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Describing what a Senate impeachment trial of President Trump may look like, Hilary Hurd and Benjamin Wittes quote Rule 23 of the “Rules of Procedure and Practice in the Senate When Sitting on Impeachment Trials” for the proposition that if the president
is convicted upon any article by a two-thirds vote of the members present, the “Senate shall proceed to the consideration of such other matters as may be determined to be appropriate,” in other words, his removal and disqualification from office.
In fact, the Senate rule does not hint at what matters might be determined appropriate, and it does not expressly mention either “removal” or “disqualification.”
Modern Senate practice is to hold a separate vote on disqualification but not for removal. The modern practice is that if a party is convicted by the necessary two-thirds vote, and if the party is still in office at the time the Senate enters a final judgment against him or her, on any single count, then that party is removed immediately by operation of law. Peter M. Shane writes that, “[a]s interpreted by the Senate, this provision requires removal from office as an automatic consequence of conviction, but disqualification from office requires a separate vote.” That said, historically, practice has been uneven. In 1862, in Judge West H. Humphrey’s Senate trial, there were three separate votes—for conviction, removal and disqualification. Similarly, in 1804, in Judge John Pickering’s trial, there were separate votes for conviction and removal. As Michael Gerhardt has explained, in “earlier impeachment trials ... the Senate took separate votes on guilt and removal.”
Hurd and Wittes also write:
Ideally, the president would want to win on a motion to dismiss and jettison the whole trial entirely. So, first things first. Does there have to be a trial? It would be pretty hard to worm out of holding any trial at all. Art. I, § 3 cl. 6 gives the Senate sole power to try impeachments, suggesting though not specifically saying there is a duty to do so, while Rule 3 presumes that a trial will commence after the articles are presented.
Hurd and Wittes are equating a “trial” with a full trial on the merits, with all the bells and whistles, witnesses and all. I know of no firm judicial support for this interpretation, and they cite none. Traditionally, trials have distinct phases. Motion practice is part-and-parcel of trial practice, and preliminary motions are a distinct phase of trials. Furthermore, the modern motion to dismiss—like its predecessor, the English demurrer or the motion to strike—has an ancient pedigree. Customarily, if a defendant prevails on a preliminary motion, not only does that terminate the trial, but it may also be a final judgment on the merits. As for precedent, the Senate dismissed the impeachment of Senator William Blount in 1799 on jurisdictional grounds following extensive motion practice by attorneys for both sides.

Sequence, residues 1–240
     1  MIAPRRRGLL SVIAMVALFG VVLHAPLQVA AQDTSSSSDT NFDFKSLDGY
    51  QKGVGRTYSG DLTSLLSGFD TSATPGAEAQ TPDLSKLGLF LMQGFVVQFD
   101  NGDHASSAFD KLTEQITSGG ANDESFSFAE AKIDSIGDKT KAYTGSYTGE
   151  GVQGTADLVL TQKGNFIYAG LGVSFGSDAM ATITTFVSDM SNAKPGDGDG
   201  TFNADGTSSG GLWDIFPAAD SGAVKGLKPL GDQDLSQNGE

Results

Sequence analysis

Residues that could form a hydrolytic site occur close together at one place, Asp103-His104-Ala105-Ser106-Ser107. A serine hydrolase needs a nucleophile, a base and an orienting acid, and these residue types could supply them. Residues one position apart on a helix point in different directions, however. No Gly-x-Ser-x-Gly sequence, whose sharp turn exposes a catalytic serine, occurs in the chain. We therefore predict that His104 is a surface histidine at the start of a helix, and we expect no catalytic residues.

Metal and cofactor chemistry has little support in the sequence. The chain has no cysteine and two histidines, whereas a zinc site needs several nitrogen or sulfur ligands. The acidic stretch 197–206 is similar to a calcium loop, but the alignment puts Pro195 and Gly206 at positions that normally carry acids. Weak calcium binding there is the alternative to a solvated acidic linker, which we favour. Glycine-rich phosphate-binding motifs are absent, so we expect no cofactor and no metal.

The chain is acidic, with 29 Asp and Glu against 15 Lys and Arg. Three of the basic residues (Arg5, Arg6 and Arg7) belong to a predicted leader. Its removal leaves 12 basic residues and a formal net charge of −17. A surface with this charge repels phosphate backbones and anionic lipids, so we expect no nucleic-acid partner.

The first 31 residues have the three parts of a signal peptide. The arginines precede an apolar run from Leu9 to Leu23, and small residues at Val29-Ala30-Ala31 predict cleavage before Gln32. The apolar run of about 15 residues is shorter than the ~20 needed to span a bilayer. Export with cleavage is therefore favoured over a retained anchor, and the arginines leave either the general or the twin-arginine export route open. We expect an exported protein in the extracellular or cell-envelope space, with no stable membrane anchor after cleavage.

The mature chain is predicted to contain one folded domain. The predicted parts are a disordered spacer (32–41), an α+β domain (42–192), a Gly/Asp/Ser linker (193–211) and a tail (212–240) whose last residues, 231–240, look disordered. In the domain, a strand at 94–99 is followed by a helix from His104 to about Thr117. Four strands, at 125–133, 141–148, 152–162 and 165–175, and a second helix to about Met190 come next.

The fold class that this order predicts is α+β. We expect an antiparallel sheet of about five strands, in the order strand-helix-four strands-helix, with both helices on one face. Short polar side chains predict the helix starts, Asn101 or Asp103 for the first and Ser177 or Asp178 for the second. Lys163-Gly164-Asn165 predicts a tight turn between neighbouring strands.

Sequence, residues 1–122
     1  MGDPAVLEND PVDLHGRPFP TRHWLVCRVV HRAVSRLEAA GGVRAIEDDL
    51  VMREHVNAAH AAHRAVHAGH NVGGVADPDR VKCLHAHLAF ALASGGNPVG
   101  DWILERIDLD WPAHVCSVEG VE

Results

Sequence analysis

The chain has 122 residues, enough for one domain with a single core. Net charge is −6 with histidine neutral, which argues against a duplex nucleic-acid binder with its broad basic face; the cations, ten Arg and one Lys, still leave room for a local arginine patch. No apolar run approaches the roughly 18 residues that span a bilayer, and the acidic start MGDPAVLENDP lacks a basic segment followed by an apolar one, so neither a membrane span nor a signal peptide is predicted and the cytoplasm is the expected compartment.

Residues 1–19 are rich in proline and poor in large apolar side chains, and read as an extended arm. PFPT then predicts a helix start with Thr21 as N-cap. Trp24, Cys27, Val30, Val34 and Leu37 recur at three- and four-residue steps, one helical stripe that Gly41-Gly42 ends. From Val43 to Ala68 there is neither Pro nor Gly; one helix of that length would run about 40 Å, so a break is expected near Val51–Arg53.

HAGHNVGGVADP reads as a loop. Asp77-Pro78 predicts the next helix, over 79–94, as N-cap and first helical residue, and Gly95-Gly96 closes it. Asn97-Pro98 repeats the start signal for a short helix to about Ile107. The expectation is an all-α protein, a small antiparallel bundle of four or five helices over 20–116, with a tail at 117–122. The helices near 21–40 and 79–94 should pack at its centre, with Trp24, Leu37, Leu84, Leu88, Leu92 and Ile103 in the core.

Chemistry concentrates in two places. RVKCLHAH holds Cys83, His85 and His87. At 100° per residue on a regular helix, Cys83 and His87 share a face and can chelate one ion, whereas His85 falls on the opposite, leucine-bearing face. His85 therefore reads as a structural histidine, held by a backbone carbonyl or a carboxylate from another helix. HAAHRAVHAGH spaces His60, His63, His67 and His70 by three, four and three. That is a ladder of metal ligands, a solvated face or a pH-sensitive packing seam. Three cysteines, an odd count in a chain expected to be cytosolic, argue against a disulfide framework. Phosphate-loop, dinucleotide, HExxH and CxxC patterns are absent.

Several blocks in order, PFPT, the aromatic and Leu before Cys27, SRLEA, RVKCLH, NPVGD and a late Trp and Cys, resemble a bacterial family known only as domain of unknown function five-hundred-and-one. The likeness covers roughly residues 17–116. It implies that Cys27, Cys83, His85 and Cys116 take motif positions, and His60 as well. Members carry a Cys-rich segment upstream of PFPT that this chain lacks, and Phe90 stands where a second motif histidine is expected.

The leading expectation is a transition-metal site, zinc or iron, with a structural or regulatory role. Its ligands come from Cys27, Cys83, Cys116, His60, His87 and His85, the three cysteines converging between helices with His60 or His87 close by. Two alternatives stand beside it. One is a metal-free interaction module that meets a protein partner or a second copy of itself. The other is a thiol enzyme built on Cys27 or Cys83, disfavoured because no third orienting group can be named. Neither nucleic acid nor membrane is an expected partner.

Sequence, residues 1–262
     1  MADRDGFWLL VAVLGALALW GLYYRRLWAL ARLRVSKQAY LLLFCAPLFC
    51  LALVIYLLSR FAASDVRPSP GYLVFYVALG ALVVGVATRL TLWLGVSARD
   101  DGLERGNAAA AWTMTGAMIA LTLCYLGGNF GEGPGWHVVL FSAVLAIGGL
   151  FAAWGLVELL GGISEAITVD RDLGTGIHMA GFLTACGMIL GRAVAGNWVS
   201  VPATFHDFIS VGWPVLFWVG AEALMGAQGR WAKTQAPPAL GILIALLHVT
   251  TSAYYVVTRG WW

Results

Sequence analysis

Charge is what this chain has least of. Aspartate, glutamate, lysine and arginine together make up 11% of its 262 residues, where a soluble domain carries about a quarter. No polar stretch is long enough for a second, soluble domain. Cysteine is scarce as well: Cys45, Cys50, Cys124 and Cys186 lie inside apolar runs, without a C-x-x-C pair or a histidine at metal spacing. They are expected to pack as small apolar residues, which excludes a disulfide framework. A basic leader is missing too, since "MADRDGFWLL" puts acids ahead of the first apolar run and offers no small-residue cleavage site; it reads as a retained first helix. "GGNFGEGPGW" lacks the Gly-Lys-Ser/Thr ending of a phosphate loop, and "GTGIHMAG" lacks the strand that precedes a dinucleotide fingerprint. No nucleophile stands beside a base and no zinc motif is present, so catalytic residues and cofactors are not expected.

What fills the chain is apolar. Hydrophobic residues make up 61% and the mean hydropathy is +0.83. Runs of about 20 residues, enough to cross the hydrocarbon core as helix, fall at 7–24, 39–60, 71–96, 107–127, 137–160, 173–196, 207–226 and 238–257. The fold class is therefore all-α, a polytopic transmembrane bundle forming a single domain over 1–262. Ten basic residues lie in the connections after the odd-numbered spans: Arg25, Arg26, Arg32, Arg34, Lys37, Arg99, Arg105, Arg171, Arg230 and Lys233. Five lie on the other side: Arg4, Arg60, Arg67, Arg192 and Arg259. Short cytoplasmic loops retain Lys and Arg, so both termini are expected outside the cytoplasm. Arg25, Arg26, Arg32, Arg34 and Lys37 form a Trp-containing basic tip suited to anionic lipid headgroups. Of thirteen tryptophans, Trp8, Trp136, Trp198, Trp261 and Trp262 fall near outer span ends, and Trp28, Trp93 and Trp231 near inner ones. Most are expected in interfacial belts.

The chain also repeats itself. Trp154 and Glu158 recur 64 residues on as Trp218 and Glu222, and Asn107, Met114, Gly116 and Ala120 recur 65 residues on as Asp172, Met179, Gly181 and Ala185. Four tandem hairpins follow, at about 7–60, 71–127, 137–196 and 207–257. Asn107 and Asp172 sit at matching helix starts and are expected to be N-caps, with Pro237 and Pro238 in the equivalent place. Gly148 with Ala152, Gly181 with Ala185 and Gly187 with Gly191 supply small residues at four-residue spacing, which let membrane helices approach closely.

What Hurd and Wittes characterize as “worm[ing] out of holding any trial” is a harsh condemnation for long-standard practice and a rejection of customary concerns about the conservation of judicial—and, here, congressional—resources. For example, one might imagine an impeachment trial in which the case should not proceed to the examination of witnesses—because even if the factual allegations put forward by the House managers were true, the defendant should prevail as a matter of law. Likewise, one could imagine an impeachment in which the case should not proceed to the examination of witnesses because “there is no genuine dispute as to any material fact and the movant is entitled to judgment as a matter of law.” In these and other similar types of impeachment trials, the examination of witnesses adds nothing substantive to the proceedings. Instead, such witness examinations could cause confusion among senators and the public with regard to why decisions were made by the presiding officer and the full Senate; may generate collateral and time-consuming civil and criminal judicial proceedings (including, for example, privilege and perjury proceedings); and would burden and delay the central impeachment proceedings in arriving at a final judgment.
In short, preliminary motion practice during a presidential impeachment trial allows such cases to be resolved at the threshold while conserving significant private and public resources. Even while an impeachment trial is ongoing, Congress, the president, and the chief justice of the United States (who, in the ordinary course of business, presides at a presidential impeachment) will continue to have other important public business to attend to.